Wednesday, December 23, 2015

Wassailing the Wealthy (Redux)

Despite all the toil and strife, dare I hope that there is renewed cause for optimism as 2015 grinds to a close? His name is Bernie Sanders, and he is the first presidential candidate since FDR to burst upon the scene and welcome Wall Street's hatred with open arms. His op-ed demanding financial reform in today's New York Times should have the plutes wailing all the way to the slopes of Aspen, drowning out the polluting noise of their own private Lear Jets.

In the spirit of the (hopefully) coming socialist revolution, here's an expanded and updated version of my Christmas post from last year:

The Christmas season is traditionally the one time of year that we're permitted, even encouraged, to burst forth from our hovels to guilt-trip the rich while spreading joy and fellowship throughout the land.

Key word: traditionally. Because according to government studies, the charity coffers are dwindling and fewer of us are reaching out to our fellow human beings in these hard times. In sixteen out of the twenty categories measured in 2013, the levels of social engagement by Americans have plummeted. People were either too busy working multiple minimum wage jobs, or they were too depressed about their worklessness to feel able to extend themselves. Volunteerism, as well as average household wealth, has dropped precipitously since the Great Meltdown of '08. An estimated two million fewer Americans volunteered last year than they did in 2012.

Besides the actual cost of volunteering (say, reliable transportation) are the increasingly erratic work schedules foisted upon the Precariat by the owner class during this New Abnormal Era. People working insecure crazy hours at Walmart or McDonalds, for example, are less likely to commit to helping and socializing because they never know, from one week to the next, what hours they'll be assigned to work. Increasingly, people no longer feel like they own their own time.

Here's a chart from the Bureau of Labor Statistics showing that the volunteerism rate dropped precipitously during the misbegotten reign of Bush the Younger, recovered somewhat at the onset of Barack Obama's second term, and is now sliding once again:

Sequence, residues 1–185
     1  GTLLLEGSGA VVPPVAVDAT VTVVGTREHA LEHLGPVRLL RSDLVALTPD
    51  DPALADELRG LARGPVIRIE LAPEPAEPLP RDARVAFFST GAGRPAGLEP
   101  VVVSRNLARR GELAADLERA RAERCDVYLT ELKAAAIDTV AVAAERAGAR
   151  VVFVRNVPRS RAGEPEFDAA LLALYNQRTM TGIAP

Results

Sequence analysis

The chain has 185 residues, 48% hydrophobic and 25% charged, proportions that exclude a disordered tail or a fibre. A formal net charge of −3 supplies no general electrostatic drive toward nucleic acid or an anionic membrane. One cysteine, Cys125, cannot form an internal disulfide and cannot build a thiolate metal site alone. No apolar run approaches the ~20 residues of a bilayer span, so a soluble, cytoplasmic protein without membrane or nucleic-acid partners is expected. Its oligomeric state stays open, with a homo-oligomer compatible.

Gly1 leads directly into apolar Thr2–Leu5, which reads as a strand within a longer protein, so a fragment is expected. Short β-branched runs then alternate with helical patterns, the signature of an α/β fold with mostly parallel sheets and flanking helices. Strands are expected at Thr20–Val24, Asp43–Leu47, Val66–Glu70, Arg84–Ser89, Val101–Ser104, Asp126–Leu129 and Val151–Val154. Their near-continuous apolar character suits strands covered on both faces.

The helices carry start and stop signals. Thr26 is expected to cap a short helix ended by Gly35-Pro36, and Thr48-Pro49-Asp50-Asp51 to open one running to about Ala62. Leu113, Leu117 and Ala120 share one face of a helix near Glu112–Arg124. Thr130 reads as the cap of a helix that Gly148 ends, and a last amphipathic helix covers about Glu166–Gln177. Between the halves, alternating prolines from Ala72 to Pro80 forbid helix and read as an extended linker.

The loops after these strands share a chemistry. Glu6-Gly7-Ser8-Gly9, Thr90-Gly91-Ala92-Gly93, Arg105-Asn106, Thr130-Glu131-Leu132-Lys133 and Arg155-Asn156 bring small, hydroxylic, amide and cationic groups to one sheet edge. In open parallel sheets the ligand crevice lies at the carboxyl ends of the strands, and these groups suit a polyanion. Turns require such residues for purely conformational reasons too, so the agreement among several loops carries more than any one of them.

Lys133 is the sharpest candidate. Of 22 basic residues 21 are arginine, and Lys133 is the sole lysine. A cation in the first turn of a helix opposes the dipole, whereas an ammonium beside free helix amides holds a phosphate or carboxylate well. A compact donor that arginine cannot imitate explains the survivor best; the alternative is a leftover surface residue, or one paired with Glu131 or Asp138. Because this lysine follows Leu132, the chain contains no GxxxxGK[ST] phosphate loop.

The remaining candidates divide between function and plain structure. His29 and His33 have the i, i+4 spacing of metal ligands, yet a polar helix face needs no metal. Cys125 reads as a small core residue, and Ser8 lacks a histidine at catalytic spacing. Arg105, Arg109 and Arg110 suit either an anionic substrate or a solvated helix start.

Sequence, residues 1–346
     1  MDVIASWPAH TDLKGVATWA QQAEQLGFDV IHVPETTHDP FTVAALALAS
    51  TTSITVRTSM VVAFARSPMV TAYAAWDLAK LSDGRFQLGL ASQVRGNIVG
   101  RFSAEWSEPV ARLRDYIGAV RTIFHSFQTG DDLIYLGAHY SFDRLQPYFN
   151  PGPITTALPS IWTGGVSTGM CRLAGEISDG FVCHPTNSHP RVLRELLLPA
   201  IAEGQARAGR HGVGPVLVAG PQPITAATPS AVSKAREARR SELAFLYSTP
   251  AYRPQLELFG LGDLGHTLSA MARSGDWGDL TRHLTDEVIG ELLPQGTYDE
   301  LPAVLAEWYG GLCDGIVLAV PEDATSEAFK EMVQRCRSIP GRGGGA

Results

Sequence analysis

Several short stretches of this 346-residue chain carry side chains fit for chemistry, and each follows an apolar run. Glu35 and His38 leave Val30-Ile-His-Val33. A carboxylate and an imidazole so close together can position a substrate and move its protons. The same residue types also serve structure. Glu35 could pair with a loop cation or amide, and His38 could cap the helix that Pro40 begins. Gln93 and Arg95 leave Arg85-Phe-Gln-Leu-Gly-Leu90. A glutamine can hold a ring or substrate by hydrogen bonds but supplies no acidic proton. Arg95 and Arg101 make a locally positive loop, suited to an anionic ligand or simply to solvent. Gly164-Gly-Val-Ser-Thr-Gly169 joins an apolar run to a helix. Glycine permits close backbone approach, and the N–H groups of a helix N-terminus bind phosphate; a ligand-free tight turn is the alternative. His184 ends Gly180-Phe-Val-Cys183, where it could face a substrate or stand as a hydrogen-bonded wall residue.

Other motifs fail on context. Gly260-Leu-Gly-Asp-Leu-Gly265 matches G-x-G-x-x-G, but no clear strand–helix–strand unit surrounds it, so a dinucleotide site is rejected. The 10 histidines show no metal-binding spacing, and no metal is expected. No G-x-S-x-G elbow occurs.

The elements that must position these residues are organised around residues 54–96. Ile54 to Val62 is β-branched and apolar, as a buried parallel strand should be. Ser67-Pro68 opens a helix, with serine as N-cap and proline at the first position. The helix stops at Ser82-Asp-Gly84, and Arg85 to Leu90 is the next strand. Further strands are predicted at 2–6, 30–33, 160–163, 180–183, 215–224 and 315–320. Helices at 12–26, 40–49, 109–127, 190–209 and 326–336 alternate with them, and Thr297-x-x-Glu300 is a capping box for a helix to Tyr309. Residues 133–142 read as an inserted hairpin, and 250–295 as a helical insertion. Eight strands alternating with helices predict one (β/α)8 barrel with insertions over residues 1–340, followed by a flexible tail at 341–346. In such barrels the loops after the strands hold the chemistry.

According to the BLS, volunteerism is now at its lowest point since the agency started keeping statistics in 2002. The rate of "highly educated" volunteers is decreasing more than in any other demographic group.

A survey by Gallup reveals that while charitable giving increased worldwide last year, it fell in the United States, now the wealth disparity capital of the advanced world. The proportion of Americans who reported making a charitable donation decreased from 68% to 63% Nonetheless, the US is still far more generous than most: 
Despite its 12th place rank in giving, the United States retained the index’s designation as the most generous country in the developed world, with relatively high marks in helping strangers (third place) and volunteerism (sixth place).
Worldwide, the United States stood second overall behind Myanmar, where, the report says, the traditions of the overwhelmingly predominant Theravada branch of Buddhism lead to high rates of giving and volunteerism. More than 92 percent of Myanmar survey respondents reported donating money.
 But wait. The professional philanthropy/donor class is becoming ever more selective in its own generosity. The extremely rich are wont to "invest" in places rather than in causes and people, and insist that their charity be tax-deductible. They tend to give to the arts, to medical research (the rich get sick, too) and elite institutions of higher learning. They give to politicians via secretive "charity" slush funds. They give to each other's money-laundering family foundations. They set up charitable LLCs to protect their untaxed wealth. Living, breathing human beings who are not part of one's dynasty are not tax deductible  -- they are, however, eminently disposable. Charities such as the Salvation Army and United Way, that give aid more or less directly to the poor, are really hurting this year.

Charles Dickens had a description for the narrow-minded charity of the elites. He called it  "telescopic philanthropy."

In Bleak House, his satiric masterpiece on social class and greed and the evil that men do, one of the most memorable minor characters is Mrs. Jellyby. In her ostentatious zeal to concern-troll the denizens of a far-away African backwater, she neglects her own home and children. Mrs. Jellyby is the Victorian fictional counterpart of such modern-day philanthrocapitalists as Bill Gates and the Clinton Family, who set their sights on largely foreign, arcane initiatives while the wealth disparity and poverty and misery in their own country are allowed to continue as their own rich selves only grow richer in the process.

Dickens's trenchant definition of this kind of self-serving charity is "rapacious benevolence."

"There were two classes of charitable people," he wrote, "the people who did a little and who made a great deal of noise; the other, who did a great deal and made no noise at all."

Mrs. Pardiggle, another obnoxious character in Bleak House, sounds eerily like the presidential candidate who never tires of boasting how tirelessly she works for "the struggling, the striving, and the successful."